One of the country's great actors, and a seminal participant in the beginnings of experimental and feminist theatre in Quebec. Pol Pelletier has been involved in all aspects of theatre, as a director, theatre founder, playwright, theorist, and educator.
She was born November 6, 1947 in Ottawa Ontario, and graduated with a BA from the University of Ottawa in 1968. She participated in the student theatre company, La Comédie des Deux Rives, at the university. From 1970 and 1974 she acted in classical and contemporary plays in French and English in several theatres throughout Québec and Ontario. For Théâtre du Nouveau Monde in 1977 Pelletier acted in Les vaches de nuit, a short, explosive monologue by Jovette Marchessault, that became almost her signature piece in both languages for many years.
Pelletier was co-founder of two experimental theatre companies: the Théâtre Expérimental de Montréal (TEM) (now the Nouveau Théâtre Expérimental) in 1975, and the Théâtre Expérimental des Femmes (TEF) in 1979. In 1978, for TEM, she led a radically powerful collective creation entitled A ma mère, à ma mère, à ma voisine, and produced Trac, a special issue of the TEM journal on the objectives of the women in that company. At TEF, she performed in her own work, La Lumière blanche, and initiated an amazing range of activities at the TEF that brought women together night after night inventing new approaches to theatre and trying out their ideas. She was also one of the author/actors in the seminal feminist work, La Nef des sorcières.
Pol Pelletier resigned from the TEF in 1985 and undertook an intense exploration of theatre that took her around the world. She revealed what she had discovered through this exploration and from the entirety of her theatrical experience with three magnificent solo works, Joie (1992), Océan (1996) and Or (1997), performed by her own company, La Compagnie Pol Pelletier, founded in 1990. In 1998, Pelletier was awarded the prize for best female actor at the Masques Awards in her production of Océan.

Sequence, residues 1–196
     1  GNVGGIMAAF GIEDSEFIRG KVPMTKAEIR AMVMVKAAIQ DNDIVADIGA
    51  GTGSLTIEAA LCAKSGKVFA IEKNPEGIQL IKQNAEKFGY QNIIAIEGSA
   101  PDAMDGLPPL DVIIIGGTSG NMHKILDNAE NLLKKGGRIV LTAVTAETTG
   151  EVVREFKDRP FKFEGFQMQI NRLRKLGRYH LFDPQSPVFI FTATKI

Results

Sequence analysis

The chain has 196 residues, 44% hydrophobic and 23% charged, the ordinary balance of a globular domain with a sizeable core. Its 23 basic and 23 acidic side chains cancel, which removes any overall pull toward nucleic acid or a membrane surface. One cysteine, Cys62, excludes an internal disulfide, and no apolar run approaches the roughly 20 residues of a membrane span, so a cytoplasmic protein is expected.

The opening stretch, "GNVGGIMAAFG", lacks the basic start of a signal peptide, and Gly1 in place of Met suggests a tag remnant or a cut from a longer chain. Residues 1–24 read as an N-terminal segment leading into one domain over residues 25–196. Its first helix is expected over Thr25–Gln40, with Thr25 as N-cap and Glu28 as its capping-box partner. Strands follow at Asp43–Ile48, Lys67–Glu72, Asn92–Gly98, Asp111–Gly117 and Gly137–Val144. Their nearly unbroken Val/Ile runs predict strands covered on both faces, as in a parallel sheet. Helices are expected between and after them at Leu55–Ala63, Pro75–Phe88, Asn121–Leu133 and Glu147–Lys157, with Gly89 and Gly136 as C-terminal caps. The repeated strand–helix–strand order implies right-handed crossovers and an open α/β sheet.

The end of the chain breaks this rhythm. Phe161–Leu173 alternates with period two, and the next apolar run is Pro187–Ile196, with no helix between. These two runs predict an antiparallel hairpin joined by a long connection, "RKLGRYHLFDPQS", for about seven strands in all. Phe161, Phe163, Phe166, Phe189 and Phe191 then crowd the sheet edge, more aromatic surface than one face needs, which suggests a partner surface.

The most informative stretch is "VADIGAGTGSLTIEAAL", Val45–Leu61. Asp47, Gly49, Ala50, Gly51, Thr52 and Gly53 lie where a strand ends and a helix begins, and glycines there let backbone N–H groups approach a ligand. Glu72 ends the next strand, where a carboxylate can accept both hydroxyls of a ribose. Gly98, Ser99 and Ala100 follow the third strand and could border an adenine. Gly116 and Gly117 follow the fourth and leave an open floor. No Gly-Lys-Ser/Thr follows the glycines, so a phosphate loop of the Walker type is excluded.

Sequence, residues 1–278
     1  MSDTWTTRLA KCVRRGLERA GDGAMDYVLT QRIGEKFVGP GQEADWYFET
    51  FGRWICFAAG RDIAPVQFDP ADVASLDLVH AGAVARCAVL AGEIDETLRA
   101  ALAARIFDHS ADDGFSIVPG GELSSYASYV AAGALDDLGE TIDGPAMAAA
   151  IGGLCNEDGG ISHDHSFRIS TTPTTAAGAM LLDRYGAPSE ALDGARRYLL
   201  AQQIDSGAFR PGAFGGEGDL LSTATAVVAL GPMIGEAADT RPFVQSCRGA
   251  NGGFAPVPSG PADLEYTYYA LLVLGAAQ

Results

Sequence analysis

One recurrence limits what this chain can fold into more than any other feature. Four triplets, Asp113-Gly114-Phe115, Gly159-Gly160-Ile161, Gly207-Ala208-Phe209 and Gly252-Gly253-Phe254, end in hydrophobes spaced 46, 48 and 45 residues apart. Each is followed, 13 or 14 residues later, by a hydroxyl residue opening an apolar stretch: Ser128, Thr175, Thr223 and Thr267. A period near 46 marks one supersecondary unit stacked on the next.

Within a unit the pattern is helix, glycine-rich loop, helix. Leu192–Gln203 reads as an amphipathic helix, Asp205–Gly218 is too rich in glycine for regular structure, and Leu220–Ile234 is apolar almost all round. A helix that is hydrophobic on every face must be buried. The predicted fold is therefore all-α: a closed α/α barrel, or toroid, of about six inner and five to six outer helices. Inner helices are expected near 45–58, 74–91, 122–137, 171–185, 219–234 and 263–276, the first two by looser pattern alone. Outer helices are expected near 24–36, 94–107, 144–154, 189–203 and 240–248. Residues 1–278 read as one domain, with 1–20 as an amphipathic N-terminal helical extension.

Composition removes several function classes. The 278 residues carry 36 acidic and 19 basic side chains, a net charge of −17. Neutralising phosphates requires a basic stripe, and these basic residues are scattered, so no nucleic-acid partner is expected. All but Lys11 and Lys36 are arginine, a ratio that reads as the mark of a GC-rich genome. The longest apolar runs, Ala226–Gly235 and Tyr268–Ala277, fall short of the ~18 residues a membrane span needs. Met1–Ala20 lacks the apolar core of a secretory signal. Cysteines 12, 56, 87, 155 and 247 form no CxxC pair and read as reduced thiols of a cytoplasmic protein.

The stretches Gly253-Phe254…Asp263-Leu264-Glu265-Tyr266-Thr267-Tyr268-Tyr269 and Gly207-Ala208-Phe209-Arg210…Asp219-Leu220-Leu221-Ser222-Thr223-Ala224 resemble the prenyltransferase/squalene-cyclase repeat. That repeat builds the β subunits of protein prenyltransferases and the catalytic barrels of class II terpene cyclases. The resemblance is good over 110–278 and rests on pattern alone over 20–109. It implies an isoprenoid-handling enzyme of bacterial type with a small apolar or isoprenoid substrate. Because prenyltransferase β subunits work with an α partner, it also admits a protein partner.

She is also the founder of DOJO (1988) a centre where theatre practitioners and creators work on perfecting their art. She has performed the works in theatres and festivals in Canada, Europe and Africa.
She has said of her work, "My theatre is a theatre of exploration. If what I am doing does not transform me, if I find I am repeating what I know how to do simply to give pleasure, I won't do it. My goal, really, is not only to give people aesthetic emotions, but to chemically and energetically transform them."
In 2004 she created the solo work, Nicole, c'est moi a response to the massacre of fourteen young women at the Polytechnique in Montreal. It provides a history of feminism, reciting the names of women such as Simone de Beauvoir, and Jovette Marchessault, and the names of the slain women. Pelletier sees in this tragedy the end of feminism, and a return of patriarchy.
From 2005 to 2008, she lived in France, where she developed a cabaret with accordion entitled Une Contrée sauvage appelée Courage, which she brought back to Montreal in 2009. In all her work, she expresses the necessity for artists to shake up society like an earthquake, and to resist complacency and the status quo.
In 2012, from November 14 to December 10, she occupied a deconsecrated Catholic church in Montreal to present "revolutionary activities" mornings and evenings, without subsidies and completely independently, including her new work La Robe Blanche that exposes the abuses of the Catholic church, and its influence on Quebec identity; and 14 Femmes repatriées, to mark the anniversary of the Polytechnique massacre.
According to theatre scholar, Louise Forsyth, "Pol Pelletier is one of the very few women anywhere in this country or the world who formulated in her published works (there are several articles) and in her workshops and theatre practice an exciting new theoretical approach to acting, production and the body on stage."
Profile by Gaetan Charlebois and Anne Nothof, with additional information from Louise Forsyth.
Last updated 2021-03-12